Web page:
In this paper, we present a framework to model low-tension gas flood process and implement the model into the UT in-house compositional gas reservoir simulator (UT-DOECO2). A gas compositional model is coupled with microemulsion phase behavior to capture important mechanisms in hybrid gas-chemical flood processes in porous media.
Two different surfactant molecules are simultaneously applied: one to lower interfacial tension to ultra-low values and one to keep foam stable as gas mobility control agent. This process cannot currently be modeled using the commercial reservoir simulators. We implemented the option for two surfactants into the existing gas compositional simulator with foam and hysteresis options. A predictive simulator would make it possible to select the best candidates for field application and tailor process design to particular characteristics of each field.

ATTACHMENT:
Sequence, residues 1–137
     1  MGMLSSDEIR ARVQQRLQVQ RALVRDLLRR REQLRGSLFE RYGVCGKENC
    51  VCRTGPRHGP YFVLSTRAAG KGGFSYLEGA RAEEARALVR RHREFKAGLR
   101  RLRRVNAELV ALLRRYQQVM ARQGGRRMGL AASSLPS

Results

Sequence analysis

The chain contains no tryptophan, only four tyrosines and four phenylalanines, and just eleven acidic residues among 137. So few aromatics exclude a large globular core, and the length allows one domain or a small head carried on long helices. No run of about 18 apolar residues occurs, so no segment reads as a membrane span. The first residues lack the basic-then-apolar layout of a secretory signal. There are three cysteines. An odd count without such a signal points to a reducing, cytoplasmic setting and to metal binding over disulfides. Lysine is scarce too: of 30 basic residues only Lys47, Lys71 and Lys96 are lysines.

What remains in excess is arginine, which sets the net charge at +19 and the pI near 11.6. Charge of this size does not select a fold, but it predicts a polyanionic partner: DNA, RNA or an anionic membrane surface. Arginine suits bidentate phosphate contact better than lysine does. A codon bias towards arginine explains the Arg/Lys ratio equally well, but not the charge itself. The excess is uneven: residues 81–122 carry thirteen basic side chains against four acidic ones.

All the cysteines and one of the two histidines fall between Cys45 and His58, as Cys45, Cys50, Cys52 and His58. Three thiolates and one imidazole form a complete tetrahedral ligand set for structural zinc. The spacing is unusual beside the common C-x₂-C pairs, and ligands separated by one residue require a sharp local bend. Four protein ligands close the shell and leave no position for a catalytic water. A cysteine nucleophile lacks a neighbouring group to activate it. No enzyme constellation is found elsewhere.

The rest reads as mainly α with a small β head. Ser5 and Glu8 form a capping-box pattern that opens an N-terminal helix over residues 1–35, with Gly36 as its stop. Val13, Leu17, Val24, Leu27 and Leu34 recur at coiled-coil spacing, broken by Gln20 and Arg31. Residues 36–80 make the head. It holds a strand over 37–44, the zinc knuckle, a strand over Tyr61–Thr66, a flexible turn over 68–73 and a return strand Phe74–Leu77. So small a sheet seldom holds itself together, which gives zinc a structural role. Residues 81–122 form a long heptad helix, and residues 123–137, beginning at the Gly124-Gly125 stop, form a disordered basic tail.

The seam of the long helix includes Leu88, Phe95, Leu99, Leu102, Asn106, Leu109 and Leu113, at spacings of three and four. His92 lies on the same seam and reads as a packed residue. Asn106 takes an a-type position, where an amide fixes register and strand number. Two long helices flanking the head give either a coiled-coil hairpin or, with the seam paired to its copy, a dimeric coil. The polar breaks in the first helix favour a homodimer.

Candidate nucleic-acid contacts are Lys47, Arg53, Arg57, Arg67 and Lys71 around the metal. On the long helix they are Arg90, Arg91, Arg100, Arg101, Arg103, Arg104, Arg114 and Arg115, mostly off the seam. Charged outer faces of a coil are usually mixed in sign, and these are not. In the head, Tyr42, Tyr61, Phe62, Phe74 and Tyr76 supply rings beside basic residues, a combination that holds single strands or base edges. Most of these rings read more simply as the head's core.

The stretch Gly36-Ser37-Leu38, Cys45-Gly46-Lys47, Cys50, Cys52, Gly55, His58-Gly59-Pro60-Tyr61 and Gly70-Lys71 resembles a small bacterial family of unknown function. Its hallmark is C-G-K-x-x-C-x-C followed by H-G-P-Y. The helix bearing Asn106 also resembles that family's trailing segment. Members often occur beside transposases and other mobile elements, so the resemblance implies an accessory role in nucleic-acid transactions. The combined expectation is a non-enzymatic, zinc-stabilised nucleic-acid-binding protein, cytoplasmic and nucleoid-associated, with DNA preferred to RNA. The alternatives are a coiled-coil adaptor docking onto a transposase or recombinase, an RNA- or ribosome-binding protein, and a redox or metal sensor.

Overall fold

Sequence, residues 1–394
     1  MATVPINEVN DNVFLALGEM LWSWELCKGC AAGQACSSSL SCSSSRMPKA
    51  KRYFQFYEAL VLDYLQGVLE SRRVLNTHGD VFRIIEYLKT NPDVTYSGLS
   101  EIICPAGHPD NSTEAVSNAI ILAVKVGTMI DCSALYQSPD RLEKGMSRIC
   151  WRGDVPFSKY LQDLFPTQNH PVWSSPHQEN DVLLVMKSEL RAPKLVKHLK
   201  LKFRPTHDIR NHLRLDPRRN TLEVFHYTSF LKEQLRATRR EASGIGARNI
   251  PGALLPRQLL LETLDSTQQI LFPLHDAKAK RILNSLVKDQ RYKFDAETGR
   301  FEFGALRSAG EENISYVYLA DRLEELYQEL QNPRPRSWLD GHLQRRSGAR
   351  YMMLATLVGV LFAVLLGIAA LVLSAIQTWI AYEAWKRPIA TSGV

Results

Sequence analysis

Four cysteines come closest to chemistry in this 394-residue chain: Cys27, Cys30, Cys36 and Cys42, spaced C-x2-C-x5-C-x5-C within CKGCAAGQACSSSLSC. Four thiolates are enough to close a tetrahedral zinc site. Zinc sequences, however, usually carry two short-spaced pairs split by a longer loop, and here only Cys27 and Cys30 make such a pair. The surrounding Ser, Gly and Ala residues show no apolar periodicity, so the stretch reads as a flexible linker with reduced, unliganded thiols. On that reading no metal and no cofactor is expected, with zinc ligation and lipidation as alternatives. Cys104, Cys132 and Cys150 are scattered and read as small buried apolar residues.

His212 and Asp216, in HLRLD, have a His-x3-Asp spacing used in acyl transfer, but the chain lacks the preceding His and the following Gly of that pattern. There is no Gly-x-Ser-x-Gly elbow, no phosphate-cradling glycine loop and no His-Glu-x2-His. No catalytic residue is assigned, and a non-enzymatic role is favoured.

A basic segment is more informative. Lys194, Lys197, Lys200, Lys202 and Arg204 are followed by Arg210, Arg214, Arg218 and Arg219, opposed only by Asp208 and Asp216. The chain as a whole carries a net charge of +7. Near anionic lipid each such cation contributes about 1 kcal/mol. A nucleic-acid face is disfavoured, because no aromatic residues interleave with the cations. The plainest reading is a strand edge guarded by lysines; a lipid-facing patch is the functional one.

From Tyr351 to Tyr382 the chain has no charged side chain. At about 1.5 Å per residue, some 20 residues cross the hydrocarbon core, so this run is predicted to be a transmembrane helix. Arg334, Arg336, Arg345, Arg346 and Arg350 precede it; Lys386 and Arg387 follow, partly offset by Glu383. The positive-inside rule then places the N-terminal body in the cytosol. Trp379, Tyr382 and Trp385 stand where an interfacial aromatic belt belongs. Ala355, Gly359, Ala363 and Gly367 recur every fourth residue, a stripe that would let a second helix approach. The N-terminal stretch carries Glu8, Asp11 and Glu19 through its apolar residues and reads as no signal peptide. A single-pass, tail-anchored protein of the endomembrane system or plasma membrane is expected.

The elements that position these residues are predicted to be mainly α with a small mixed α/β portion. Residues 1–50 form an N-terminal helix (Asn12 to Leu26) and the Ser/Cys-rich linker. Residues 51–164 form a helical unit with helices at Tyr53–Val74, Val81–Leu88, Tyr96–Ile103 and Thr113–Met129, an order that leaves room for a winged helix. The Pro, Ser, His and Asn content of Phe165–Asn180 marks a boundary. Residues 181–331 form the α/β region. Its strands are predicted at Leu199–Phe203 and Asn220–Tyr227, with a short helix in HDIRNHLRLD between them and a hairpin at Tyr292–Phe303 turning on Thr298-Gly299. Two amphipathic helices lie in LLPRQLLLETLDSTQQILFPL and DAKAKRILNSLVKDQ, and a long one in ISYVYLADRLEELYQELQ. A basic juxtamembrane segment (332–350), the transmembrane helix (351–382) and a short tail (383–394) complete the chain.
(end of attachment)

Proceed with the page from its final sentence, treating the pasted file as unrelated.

In the field-scale application of the Surfactant Alternating Gas (SAG) process, multiphase fluid behavior in porous media is modeled using three-phase compositional relative permeability and three-phase hysteresis models to include both compositional and saturation history effects. These models represent a more-accurate prediction of the cycle-dependent properties of SAG. The gas entrapment in the foam flow is used to predict the hysteresis effect within each cycle using a dynamic Land coefficient. The in-situ foaming behavior is estimated based on the mechanistic foam models. This study, further, evaluates mobilization and displacement of residual oil in tight reservoirs using the low-tension gas flood and compares the results with other EOR options.
Using a reliable multiphase simulator low-tension gas experiments can be scaled up to the field and to optimize chemical-gas EOR process design. Numerical simulation of the SAG with and without hysteresis is used to assess the effect of the gas-entrapment on oil recovery and gas utilization factor in a field-scale application.